Konica Minolta Gains Traction In The Channel

Konica Minolta Business Solutions, the Ramsey, N.J.-based unit of the worldwide imaging giant, has targeted rivals Xerox and Canon in its goal to boost its U.S. market share. The company is planning to invest more in fewer solution providers and has specified color, monochrome and production print areas as ripe for growth opportunity, said Steve Jones, executive vice president of Konica Minolta U.S. dealer sales.

"We have some very strong markets, and we have some very weak markets," Jones said. "Our goal by '08 is to have 20 percent market share, across the board, across our product line. Right now, we're at about 12 points. That means we have to pick up about 8 points over two years."

Jones said Konica Minolta is looking at its newest multifunction device, the Bizhub C550—a network-enabled, color-laser device street-priced at $25,000—for a competitive advantage. The device prints at 55 ppm in black and white and 45 ppm in color, with scan, copy and fax capabilities. As one of the few companies that designs and manufactures its own printer engines, the company believes it has a technological advantage and can be more nimble in development.

In 2003, the combined company maintained a roster of more than 600 dealers and solution providers in the U.S. Since then, Jones said, that number has declined to about 500, largely by design. "We do not want more dealers," he said. "We want better-quality dealers. We're really getting to the point where we are basically satisfied with the partners we have. But we're studying where we need help."

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Jones said he has divided his channel sales force into three groups, each focusing on one specialty area: monochrome, color or production printers. The company has targeted Xerox in the production print space, and Xerox and Canon in the other two segments and is working with partners to focus on those areas as well, Jones said. The plan to boost targeted investments in partners that are on board with its strategy kicked in with Konica Minolta's new fiscal year in April.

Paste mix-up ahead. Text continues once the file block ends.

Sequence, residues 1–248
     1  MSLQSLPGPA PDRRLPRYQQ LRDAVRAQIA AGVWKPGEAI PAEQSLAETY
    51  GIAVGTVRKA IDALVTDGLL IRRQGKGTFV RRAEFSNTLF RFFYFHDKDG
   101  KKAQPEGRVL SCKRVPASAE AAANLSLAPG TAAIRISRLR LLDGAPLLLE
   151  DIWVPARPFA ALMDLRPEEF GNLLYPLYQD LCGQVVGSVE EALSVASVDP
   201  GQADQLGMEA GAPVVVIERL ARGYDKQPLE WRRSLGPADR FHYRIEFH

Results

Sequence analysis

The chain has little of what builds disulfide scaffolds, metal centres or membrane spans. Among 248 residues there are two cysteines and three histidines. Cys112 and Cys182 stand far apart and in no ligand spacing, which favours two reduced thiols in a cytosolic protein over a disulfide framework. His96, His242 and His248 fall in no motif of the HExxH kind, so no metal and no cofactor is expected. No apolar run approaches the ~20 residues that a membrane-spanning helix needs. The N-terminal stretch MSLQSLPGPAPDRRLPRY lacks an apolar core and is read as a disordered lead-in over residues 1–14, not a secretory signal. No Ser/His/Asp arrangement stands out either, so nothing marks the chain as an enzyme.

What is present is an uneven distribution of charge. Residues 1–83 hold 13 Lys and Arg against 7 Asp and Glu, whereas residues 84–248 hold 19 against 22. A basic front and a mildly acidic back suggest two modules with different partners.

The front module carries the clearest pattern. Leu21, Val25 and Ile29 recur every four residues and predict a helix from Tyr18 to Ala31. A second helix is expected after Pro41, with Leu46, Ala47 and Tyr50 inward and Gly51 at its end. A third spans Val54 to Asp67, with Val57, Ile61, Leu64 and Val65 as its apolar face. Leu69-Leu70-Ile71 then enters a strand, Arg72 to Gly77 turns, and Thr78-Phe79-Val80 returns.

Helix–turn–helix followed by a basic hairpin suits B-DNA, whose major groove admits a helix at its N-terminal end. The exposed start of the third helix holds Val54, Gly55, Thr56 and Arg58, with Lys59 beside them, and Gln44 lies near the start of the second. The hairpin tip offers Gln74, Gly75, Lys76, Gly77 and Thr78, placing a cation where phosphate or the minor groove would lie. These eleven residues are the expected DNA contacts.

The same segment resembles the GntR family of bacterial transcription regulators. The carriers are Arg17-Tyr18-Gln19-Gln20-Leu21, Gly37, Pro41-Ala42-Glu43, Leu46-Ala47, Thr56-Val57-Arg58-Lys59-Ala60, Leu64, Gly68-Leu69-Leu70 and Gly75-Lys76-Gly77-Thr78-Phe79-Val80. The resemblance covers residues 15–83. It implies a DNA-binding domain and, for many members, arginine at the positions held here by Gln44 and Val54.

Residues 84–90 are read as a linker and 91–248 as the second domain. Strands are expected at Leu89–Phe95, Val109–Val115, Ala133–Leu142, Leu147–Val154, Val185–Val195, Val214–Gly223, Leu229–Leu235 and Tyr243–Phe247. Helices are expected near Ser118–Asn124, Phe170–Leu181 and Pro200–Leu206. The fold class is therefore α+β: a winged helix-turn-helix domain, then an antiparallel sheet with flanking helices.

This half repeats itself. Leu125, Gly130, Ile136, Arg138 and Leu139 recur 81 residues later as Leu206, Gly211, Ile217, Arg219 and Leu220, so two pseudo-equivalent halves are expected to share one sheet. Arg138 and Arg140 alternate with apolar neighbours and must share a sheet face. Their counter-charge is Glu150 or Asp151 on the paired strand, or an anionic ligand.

To drive the point home, Jones said he has altered the way he will compensate his inside sales team. "I'm comping my people on the dealers' growth. If my dealers are successful, my people will be successful," Jones said. "The main goal is looking at the strategy of the dealer, and what areas they want to focus on," he continued. "I require every one of my people to put together a business plan with the dealer at the beginning of every year. That process is beginning now."

Doug Pitassi, director of sales at Pacific Office Automation, a solution provider in Portland, Ore., that partners with Konica Minolta in addition to other vendors, said the breadth of Konica Minolta's product line has made it a staple in going to market with a competitive sales offering. "We're very big with Konica Minolta," Pitassi said. "The reason is they have a full product lineup; they've got multifunction devices as well as production print equipment.

"That has helped us out, when you can go into an account and produce a full set of solutions," Pitassi said. In addition, he said, Konica Minolta's support has become stronger, and he was bullish on its channel efforts moving forward.

Those efforts are taking hold at a time of significant upheaval. IBM is setting up a joint venture with Ricoh to take over IBM's InfoPrint lineup; Dell saw significantly reduced sales of products manufactured for it last year by Lexmark, according to Lexmark's filings with the Securities and Exchange Commission; Oki Data is rewriting its channel engagement from the ground up; and Xerox said earlier this year that it will open its entire product line to the channel.

Looming over the industry is Hewlett-Packard, the global and U.S. market-share leader, which has become focused on expanding into areas such as Web-based printing with its announcement that it would buy Tabblo, which specializes in online print services for consumers; and rumors that Lenovo will join the fray by acquiring a printer company.

In the end, all this turbulence is making it clear to vendors that solution providers are more critical than any stable, long-term growth in high-output commercial accounts.